Strict foreclosures may be agreed to only by legal entities and individual entrepreneurs in connection with business debts. Any property retained by the secured creditor must be valued by agreement. In certain cases, a third-party appraisal is required.

Best practices suggest that a secured creditor should obtain an independent third-party appraisal from a reputable appraiser at any time that collateral is retained, particularly if the secured creditor wants to retain a deficiency claim. Otherwise, the transfer may be challenged as undervalued, with the alleged excess value avoided as an illegal gift between commercial entities or as a voidable undervalued transaction (constructive fraudulent transfer) in the event of bankruptcy of the debtor.  

Sale Through Commission Agent

The sale of the property may be performed through a commission agreement pursuant to which the proceeds equal to the secured creditor’s claim are to be transferred by the commission agent to the secured creditor after reduction for costs and expenses, subject to the debtor’s rights to receive any amounts exceeding the secured creditor’s claim.  

The commissioned agent may be chosen by the parties in the mortgage documentation or by the secured creditor. The sale price shall be equal to the market value of the property.  

Out-of-Court Public Sales

The initial selling price at an out-of-court public sale may be determined in accordance with the security agreement or a separate out-of-court foreclosure agreement, unless the law requires a third-party appraisal, in which case the initial selling price shall be no less than 80 percent of the appraised value unless the out-of-court foreclosure agreement provides otherwise. The parties may set their own deadline for timing of public sales in their agreement and are not bound by the two-month requirement applicable to court-supervised sales.

A third-party appraisal is required if the collateral consists of (i) nonpublicly traded securities, (ii) interests in property (such as lease right, easement, etc.), (iii) precious metals and gems, (iv) numismatic bills and coins, (v) objects of historical and artistic value or (vi) property whose stated value exceeds 500,000 rubles. Accordingly, a third-party appraisal effectively is required to foreclose on most collateral due to the low value of the threshold (500,000 rubles).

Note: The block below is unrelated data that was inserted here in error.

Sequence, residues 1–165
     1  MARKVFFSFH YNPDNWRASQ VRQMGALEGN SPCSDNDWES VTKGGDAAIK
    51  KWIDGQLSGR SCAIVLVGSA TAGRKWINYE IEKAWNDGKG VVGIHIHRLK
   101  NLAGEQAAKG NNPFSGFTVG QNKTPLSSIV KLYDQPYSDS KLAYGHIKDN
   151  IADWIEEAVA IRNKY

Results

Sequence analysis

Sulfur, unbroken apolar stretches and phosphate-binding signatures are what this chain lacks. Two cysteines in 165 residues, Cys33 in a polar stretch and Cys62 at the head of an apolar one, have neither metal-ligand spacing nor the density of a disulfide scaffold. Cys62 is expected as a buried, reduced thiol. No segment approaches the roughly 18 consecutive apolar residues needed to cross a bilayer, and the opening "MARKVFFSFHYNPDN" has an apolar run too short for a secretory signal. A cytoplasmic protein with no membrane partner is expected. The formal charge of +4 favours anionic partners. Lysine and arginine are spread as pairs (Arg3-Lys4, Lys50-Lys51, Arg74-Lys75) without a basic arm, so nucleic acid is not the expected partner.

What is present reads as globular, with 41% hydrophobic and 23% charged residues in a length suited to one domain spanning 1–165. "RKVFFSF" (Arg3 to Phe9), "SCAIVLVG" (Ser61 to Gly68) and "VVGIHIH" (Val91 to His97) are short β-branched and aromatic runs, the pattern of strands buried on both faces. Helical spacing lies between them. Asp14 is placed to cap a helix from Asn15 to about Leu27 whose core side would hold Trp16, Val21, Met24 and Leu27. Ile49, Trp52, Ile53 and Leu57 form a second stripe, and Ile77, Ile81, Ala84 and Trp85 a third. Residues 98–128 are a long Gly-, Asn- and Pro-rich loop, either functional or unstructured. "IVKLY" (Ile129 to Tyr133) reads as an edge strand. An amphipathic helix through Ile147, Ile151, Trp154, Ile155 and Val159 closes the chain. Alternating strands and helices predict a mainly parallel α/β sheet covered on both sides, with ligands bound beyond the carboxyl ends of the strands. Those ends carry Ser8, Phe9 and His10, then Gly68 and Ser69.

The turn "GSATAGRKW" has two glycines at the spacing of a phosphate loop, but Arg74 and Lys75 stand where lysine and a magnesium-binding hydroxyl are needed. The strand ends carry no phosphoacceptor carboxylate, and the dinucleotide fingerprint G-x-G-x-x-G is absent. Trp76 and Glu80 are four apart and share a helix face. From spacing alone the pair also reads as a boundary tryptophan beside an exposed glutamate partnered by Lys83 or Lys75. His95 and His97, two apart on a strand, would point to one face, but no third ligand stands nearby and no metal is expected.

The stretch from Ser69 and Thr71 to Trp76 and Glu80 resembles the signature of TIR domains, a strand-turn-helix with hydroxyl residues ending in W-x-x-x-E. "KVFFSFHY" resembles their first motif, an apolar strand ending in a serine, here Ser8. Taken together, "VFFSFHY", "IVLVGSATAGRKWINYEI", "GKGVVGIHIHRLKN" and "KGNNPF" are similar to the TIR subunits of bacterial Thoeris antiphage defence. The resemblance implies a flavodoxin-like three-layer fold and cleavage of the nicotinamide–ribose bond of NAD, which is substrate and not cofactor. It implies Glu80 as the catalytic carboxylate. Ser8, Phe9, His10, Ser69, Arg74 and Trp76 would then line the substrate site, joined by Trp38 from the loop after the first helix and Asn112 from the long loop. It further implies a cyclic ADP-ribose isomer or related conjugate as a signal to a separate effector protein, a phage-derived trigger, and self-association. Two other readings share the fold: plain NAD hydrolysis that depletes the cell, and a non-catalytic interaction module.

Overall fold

Publicly traded securities must be handled through the trade administrator of the applicable exchange.

Procedures for Out-of-Court Foreclosures

Generally, the procedures for out-of-court foreclosures resemble those established for public sales pursuant to a court order. It appears that new amendments will provide parties more flexibility in determining specifics of the sale of pledged property.

Out-of-Court Foreclosures of Real Property

Out-of-court foreclosures of real property may be achieved by an out-of-court foreclosure agreement, which may provide for the acquisition of the collateral by the mortgagee either for its own use or for sale to a third party. The foreclosure of real property requires a notarized approval of the out-of-court foreclosure agreement by the mortgagor. Alternatively, the real property may be foreclosed and sold at a public sale. Procedurally, a secured creditor must send the debtor a notice containing the following information to effect an out-of-court foreclosure:

  • the amount to be paid, or deemed to be paid if collateral is retained, by the secured creditor;
  • a proposal to perform the secured obligation; and
  • a notice that if the secured obligation is not performed, the mortgagee shall be entitled to foreclose the real property.

Unless a longer period is required by law or agreement of the parties, the sale shall be completed within 10 days of the debtor’s receipt of the notice, or 45 days after sending of the notice.


This Guideline is intended only to provide a general overview of the issues covered. Accordingly, legal advice should be obtained with respect to your unique facts and circumstances.